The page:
CIVIL RIGHTS ACT OF 1964 and VOTING RIGHTS ACT OF 1965


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President Lyndon B. Johnson shakes hands with Martin Luther King, Jr. after
signing the Civil Rights Act of 1964 into law.



OVERVIEW


Although the 13th, 14th and 15th Amendments to the US Constitution (passed in 1865) abolished slavery, guaranteed full citizenship rights and bestowed suffrage upon former slaves, African Americans living 100 years later still did not enjoy the full rights and privileges they were owed. Discrimination, sometimes subtle, but often blatant, against any person based on race, color or gender was still a major issue within American society during the 1960s and civil rights activists across the nation were calling for the Federal government to do more to protect the rights of all citizens. When it came to voting, many African Americans were either too apathetic to bother registering or were denied the ability to register by racist white registrars. In other cases, African Americans were unfairly subjected to discriminatory poll taxes or literacy tests to prevent them from voting. Despite widespread voter registration drives and campaigns, the disenfranchisement of black voters continued, especially throughout the deep South.

The Civil Rights Act of 1964 and the Voting Rights Act of 1965, though largely symbolic, were major victories for the Civil Rights Movement because they indicated that the most powerful political leaders, namely President Lydon Johnson, were supportive of the movement and were willing to use the power of the federal government to enact social change.

KEY PLAYERS:

Martin Luther King, Jr
President Lyndon B. Johnson
John Lewis
CORE
SNCC
SCLC


LONG-TERM IMPACT:


The provisions of the Civil Rights Act of 1964 prohibited discrimination on the basis of sex as well as race in hiring, promoting, and firing. The word "sex" was added at the last moment. According to the West Encyclopedia of American Law, Representative Howard W. Smith (D-VA) added the word. His critics argued that Smith, a conservative Southern opponent of federal civil rights, did so to kill the entire bill. Smith, however, argued that he had amended the bill in keeping with his support of Alice Paul and the National Women's Party with whom he had been working. Martha W. Griffiths (D-MI) led the effort to keep the word "sex" in the bill. In the final legislation, Section 703 (a) made it unlawful for an employer to "fail or refuse to hire or to discharge any individual, or otherwise to discriminate against any individual with respect to his compensation, terms, conditions or privileges or employment, because of such individual's race, color, religion, sex, or national origin."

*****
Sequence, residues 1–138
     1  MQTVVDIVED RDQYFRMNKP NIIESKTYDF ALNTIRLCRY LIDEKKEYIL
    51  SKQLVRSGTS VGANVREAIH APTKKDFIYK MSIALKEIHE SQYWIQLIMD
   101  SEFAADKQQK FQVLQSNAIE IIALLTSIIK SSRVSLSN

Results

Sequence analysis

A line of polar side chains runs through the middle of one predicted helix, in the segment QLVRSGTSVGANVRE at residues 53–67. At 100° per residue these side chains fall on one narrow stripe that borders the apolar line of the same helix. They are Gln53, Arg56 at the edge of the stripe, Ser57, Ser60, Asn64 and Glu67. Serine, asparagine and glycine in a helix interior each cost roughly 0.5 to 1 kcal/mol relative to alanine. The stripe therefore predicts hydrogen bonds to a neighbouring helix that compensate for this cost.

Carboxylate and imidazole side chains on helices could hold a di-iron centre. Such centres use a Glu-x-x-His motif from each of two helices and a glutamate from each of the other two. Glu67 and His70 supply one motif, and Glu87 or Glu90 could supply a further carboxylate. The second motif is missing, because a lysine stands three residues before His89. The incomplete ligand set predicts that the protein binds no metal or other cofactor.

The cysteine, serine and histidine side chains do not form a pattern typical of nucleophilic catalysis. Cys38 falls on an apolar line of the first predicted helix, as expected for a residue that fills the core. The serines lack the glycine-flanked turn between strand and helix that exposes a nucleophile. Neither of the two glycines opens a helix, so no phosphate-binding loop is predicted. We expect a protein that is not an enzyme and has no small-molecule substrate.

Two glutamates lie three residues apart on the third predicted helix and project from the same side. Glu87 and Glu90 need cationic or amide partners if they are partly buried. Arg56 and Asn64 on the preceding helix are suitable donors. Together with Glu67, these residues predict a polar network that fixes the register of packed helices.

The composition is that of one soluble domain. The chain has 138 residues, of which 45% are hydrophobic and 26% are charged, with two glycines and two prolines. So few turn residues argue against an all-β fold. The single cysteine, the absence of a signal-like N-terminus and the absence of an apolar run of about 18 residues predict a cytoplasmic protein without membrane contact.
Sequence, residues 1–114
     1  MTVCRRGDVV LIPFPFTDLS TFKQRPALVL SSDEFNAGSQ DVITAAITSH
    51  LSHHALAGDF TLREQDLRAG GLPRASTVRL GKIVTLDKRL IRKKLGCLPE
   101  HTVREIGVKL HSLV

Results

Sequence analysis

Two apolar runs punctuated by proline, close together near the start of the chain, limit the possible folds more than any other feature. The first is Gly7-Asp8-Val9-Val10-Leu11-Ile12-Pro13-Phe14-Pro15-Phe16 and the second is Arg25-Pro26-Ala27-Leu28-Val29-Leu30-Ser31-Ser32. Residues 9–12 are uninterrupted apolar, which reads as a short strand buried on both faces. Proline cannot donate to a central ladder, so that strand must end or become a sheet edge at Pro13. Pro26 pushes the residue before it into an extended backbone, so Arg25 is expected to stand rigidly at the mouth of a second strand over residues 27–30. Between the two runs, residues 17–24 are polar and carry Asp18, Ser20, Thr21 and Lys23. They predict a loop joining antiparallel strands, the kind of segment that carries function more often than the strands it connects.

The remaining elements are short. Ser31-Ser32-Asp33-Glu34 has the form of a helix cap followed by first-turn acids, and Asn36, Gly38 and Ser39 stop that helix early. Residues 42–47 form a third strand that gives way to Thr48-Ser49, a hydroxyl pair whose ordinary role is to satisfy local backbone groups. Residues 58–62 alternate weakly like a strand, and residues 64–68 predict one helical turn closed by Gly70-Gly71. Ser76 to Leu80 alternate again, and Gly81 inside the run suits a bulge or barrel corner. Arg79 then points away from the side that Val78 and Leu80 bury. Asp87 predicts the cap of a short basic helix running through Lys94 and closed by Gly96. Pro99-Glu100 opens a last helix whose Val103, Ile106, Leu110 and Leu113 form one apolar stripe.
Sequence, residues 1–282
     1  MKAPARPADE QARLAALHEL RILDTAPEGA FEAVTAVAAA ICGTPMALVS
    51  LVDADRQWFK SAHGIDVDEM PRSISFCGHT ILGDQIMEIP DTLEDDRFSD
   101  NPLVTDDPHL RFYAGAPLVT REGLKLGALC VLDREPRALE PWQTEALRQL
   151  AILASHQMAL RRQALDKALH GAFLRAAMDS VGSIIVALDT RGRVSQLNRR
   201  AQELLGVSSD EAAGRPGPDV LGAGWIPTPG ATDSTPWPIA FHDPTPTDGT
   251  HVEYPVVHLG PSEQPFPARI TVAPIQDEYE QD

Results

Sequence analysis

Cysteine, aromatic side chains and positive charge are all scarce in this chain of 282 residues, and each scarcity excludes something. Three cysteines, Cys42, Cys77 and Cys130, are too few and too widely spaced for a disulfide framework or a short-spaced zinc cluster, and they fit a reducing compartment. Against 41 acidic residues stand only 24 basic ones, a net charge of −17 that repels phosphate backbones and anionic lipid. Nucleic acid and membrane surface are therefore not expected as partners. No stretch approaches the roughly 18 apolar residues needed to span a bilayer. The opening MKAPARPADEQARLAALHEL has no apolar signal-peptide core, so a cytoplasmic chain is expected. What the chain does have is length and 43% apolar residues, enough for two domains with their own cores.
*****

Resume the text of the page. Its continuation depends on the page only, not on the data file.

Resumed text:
Congress determined that the existing federal anti-discrimination laws were not sufficient to overcome the resistance by state officials to enforcement of the 15th Amendment. The legislative hearings showed that the Department of Justice's efforts to eliminate discriminatory election practices on a case-by-case basis had been unsuccessful in opening up the registration process; as soon as one discriminatory practice or procedure was proven to be unconstitutional, a new one would be substituted in its place and new legal action would have to be taken.

In signing the Voting Rights Act of 1965, President Johnson applied a nationwide prohibition against the denial or abridgment of the right to vote and a ban on literacy tests on a nationwide basis. Among its other provisions, the Act contained special enforcement provisions targeted at those areas of the country where Congress believed the potential for discrimination to be the greatest. The Act also gave the Attorney General the authority to appoint a federal examiner to review the qualifications of persons who wanted to register to vote. Further, in those counties where a federal examiner was serving, the Attorney General could request that federal observers monitor activities within the county's polling place.

The Voting Rights Act had not included a provision prohibiting poll taxes, but had directed the Attorney General to challenge its use. In Harper v. Virginia State Board of Elections, 383 U.S. 663 (1966), the Supreme Court held Virginia's poll tax to be unconstitutional under the 14th Amendment.


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Voting Rights Act of 1965, signed by President Johnson on August 6, 1965.





SOURCES:

1) www.historymatters.org/civrightsact
2) www.cnn.com/RACEMATTERS/Archives/1965act
3) www.naacp.org/votingrights/page3.htm
4) www.youtube.com/watch?v=ZaRUca7FyAc





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